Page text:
Seeing that many readers ask us to explain the “Russian Connection” launched by US investigative magazine Mother Jones, and immediately reproduced by part of the Albanian press corps, and that until now we haven’t written anything, we are providing hereby a detailed reading of what has been published and what we have managed to glean from it.
In a very brief summary, according to the story published by Mother Jones, PD leader Lulzim Basha, using an offshore company (supposedly controlled by Russians), paid an American lobbyist friend of US President Donald Trump’s to procure a picture of Basha and Trump together, a few days before the Albanian election. The hypothesis, sold as truth, goes: the Russians would have, in this way, destabilized the Balkans, seeing as a picture of Basha with Trump would have given the former an advantage in the election, and his impending victory would have blocked the judicial reform, thus, inevitably, chilling Albania’s relations to the EU, and, ultimately, destabilizing the entire region.
The article is merely a flood of irrelevant information with little to no relation to each other artfully woven into the story. They seem to represent the “logical” garnishes of a fishy article, skillfully designed to leave a bad taste in readers’ mouths, but, nonetheless, built around a single, entirely unprovable detail that serves as the foundation for a deeply illogical theory.
– That Basha had a picture taken with Trump, during an encounter of a few minutes, a few days before the Albanian elections, is well-known to be true.
– That Basha paid a lobbyist for this service is known, confirmed, and legal.
– That a picture with Trump would be able to flip the Albanian electoral results is a political idiocy, that is, moreover, believed and practiced by every political party in the country, first of all by Basha himself.
– That the same lobbyist received money from a Scottish offshore company to protect unspecified Albanian interests is also true.
– That Russian Secret Services attempted to destabilize Albania and the Balkans in general is possible but not necessarily true.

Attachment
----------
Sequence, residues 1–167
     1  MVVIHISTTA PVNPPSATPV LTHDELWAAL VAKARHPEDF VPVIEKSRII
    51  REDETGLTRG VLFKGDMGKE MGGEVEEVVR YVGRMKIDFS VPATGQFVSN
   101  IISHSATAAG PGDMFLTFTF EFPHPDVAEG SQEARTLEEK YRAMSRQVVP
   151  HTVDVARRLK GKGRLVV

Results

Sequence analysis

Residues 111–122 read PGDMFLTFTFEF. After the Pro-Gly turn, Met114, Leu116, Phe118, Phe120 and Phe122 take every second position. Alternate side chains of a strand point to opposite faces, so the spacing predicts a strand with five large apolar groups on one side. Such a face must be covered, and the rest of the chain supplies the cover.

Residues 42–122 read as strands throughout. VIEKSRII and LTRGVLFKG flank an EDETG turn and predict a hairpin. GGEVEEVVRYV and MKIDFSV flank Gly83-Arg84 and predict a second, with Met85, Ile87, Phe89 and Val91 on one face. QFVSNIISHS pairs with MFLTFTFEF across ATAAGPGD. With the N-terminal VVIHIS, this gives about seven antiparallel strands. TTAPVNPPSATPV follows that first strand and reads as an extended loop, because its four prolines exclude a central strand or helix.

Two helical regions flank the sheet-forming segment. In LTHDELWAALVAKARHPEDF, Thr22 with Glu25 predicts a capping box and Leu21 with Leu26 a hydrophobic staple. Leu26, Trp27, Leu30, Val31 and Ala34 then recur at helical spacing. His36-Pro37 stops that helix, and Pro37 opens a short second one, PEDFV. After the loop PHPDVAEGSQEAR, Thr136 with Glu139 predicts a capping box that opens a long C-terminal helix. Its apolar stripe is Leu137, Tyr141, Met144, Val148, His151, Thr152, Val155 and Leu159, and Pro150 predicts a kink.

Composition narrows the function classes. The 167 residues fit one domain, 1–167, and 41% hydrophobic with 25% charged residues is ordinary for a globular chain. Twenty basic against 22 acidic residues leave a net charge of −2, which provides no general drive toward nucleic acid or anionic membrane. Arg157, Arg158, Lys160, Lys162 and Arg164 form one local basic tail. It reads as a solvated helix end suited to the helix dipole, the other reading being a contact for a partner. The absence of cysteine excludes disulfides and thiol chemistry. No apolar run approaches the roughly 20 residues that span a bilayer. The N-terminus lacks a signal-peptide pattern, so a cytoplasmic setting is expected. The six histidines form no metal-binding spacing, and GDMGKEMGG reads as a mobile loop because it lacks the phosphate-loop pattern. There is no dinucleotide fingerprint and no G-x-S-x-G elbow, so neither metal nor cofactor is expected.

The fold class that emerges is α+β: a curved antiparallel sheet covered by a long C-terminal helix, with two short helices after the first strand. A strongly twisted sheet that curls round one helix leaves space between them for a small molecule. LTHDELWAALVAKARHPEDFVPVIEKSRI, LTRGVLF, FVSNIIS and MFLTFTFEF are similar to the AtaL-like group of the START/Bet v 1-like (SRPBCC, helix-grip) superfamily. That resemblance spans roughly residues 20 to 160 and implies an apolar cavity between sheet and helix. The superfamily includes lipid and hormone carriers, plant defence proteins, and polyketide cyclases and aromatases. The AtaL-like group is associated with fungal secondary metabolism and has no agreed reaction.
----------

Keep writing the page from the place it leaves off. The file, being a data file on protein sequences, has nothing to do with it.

– That claiming a Basha victory would mean Albania’s destabilization is a logical fallacy.
– That President Trump served an anti-American machination is merely an implication of the unprovable (US) Democrat conspiracy theory that Trump is America’s real enemy.
– That a possible Basha victory possibly would cause a slowdown of EU negotiations is merely an implication of that other unprovable (Albanian) Socialist conspiracy theory that the Democratic Party is Albania’s real enemy.
In any case, for this pseudo-logical theory to function minimally, a key element is missing, namely that is the Scottish offshore company is really controlled by Russian agents. This is what the American site’s article not only never says, or proves, but instead merely alludes to the distraught reader who misses the large logical leaps.
The American article merely demonstrates that the Scottish offshore subsidiary was made up by two other companies incorporated in Belize, that were regularly used by a corporate consultancy system to generate many other “P.O. Box companies,” inactive companies that usually can be bought already registered for a few hundred pounds.
These companies, registered by dozens at a time, actually have legal addresses and share their managers with many other companies. For their sellers’ convenience, their administrators or directors (depending on the local legislation) may be other legal entities (something that is not allowed in Albania). Whoever then buys them, can change the administrator, nominating instead someone they trust, or they can keep the original ones and instruct them accordingly.
In the case of the two parent companies in Belize, they are managed by two different English companies that, at the same time, manage many more other subsidiaries. Some of these subsidiaries list among their beneficiaries Russian citizens, among which American journalists must have spotted some retired former KGB member.
This is all that has been written or demonstrated by the American so-called investigative journalists: no control, no certain influence.
All the rest is merely slander and delegitimization, intriguing tales aimed at deceiving the reader, but with no logical connection to the picture and even less to eventual destabilization and enemy alliances.
What would you say if you were arrested for prostitution because you slept in a hotel constructed by the same company that constructed a building where a woman rumored to be promiscuous lives?
For the justice of Enver Hoxha, perhaps, this would make for sufficient proof to sentence a dissident, while for the legitimate heirs and moral descendants of that time, today Socialist militants against Basha, and, above all against logic, this proof is only the desperate attempt to distract the Albanian and global public opinion from the drugs passing through their territories and their (offshore, naturally) bank accounts.